NEW YORK — Next year will be a year unlike any other for the stock market.
The Republican takeover of the House of Representatives on Tuesday means Wall Street will be contending with three situations in 2011 that drive stock prices:
_ The year before a president faces re-election.
_ The year after a president has lost control of Congress.
_ The second year of a fragile economic expansion.
The market often behaves a certain way in each of those situations, but history isn't helpful now because investors have never faced this trifecta before. What's clear is that what happens in Washington will be watched even more closely by investors next year.
"This election is more important than the average one because of all of the economic and policy issues that remain uncertain," says Robert Doll, the chief investment strategist at BlackRock, an investing firm with $3.4 trillion in assets under management.
Any mishandling of the economy by politicians will mean that "the fragile economic recovery we have is going to be hit over the head, and we would have to think about a double-dip recession all over again," Doll says.
Here's a look at the three situations coinciding next year and how they could affect the stock market:
_THE YEAR BEFORE A PRESIDENT RUNS FOR ELECTION:
Since 1945, the Dow Jones industrial average has gained an average of 19 percent the year before a sitting president runs. That's more than double the 7.9 percent average annual gain during the same period. If you take out the 10 years when the president was running, the average gain drops to only 5.8 percent.
No one has been able to prove why this happens. One theory is that the president pushes through politically popular spending measures to help his re-election. But that doesn't explain why the market also tends to rise in the third year of a president's second term. The Dow rose 25.2 percent, for example, in 1999, the third year of President Clinton's second term. Since 1902 the Dow has gained, on average, 13.7 percent in the third year of a president's first term and 10.9 percent in the third year of a president's second term.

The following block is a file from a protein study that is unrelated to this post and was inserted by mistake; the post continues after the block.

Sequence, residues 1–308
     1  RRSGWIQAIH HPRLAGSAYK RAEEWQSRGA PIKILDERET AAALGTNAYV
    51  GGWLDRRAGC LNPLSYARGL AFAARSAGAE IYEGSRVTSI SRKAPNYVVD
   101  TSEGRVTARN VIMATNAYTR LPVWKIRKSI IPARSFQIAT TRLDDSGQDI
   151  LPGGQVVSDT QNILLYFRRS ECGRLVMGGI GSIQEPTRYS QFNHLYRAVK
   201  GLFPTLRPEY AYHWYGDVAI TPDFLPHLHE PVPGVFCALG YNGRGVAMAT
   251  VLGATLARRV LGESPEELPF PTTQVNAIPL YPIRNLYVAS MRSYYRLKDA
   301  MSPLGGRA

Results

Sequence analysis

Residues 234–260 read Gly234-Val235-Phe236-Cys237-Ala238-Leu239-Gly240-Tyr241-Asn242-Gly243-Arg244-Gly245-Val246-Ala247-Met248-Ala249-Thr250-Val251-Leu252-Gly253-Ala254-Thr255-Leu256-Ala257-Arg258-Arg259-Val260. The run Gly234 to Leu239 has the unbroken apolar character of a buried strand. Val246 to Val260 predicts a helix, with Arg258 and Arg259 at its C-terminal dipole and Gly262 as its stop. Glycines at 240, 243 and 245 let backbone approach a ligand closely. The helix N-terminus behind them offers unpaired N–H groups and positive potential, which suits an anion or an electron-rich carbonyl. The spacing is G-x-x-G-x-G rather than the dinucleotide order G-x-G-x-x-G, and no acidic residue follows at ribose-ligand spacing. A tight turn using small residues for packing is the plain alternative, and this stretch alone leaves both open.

_THE YEAR AFTER A PRESIDENT LOSES CONTROL OF CONGRESS
Presidents whose party controlled both houses of Congress have lost at least one chamber five times in the past 80 years. Stock returns in the following year haven't followed a pattern. The Dow plunged 53 percent in 1931 and gained 34 percent in 1995. Gains in the other three years ranged from 2.2 percent to 20.8 percent. That makes it impossible to forecast what will happen this time. The change in Congress in 1931 came during the Great Depression, while the 1995 transition came during the first part of the Internet boom. The next Congress faces a fragile economic period, which could mean that the market offers another single-digit gain like this year.
Gridlock hasn't been great for stocks. Since 1945, the Standard and Poor's 500 index has gained 4 percent in years when Congress was split between parties. It increased 8 percent when Congress was controlled by one party and the White House another. When a single party was in control of Washington, the index gained an average of 11 percent.
The economy is growing at a 2 percent annual rate, according to the latest estimate by the Commerce Department. That's slow by historical standards and shows that the end of the recession 17 months ago hasn't translated into a robust economic expansion.
Stocks have been in a bull market for 18 months, pushing the Dow up 70 percent since it hit a 12-year low in March 2009. That gain is larger than normal but isn't surprising considering that the rally followed the worst financial crisis since the Great Depression. During slow recoveries like this one, bull markets typically last 30 months and bring gains of 44 percent overall, according to Ned Davis Research.
Corporate profits are improving, and wealthy consumers are starting to make some costly purchases. If the economy continues to improve, stocks will likely rise. But don't expect large gains because the economy needs to grow 3 percent or more to bring down the country's 9.6 percent unemployment rate. That's unlikely soon because residential and commercial construction remains weak, and construction fuels economic recoveries.
So what's an investor to do given this abnormal year? The best thing may be to follow your long-term plans regardless of what happens in Washington.
"There's no way to tell what's going to happen, or we would all be rich," says Paul Larson, the chief equities strategist at Morningstar.
(This version corrects typos in 9th and 13th paragraphs)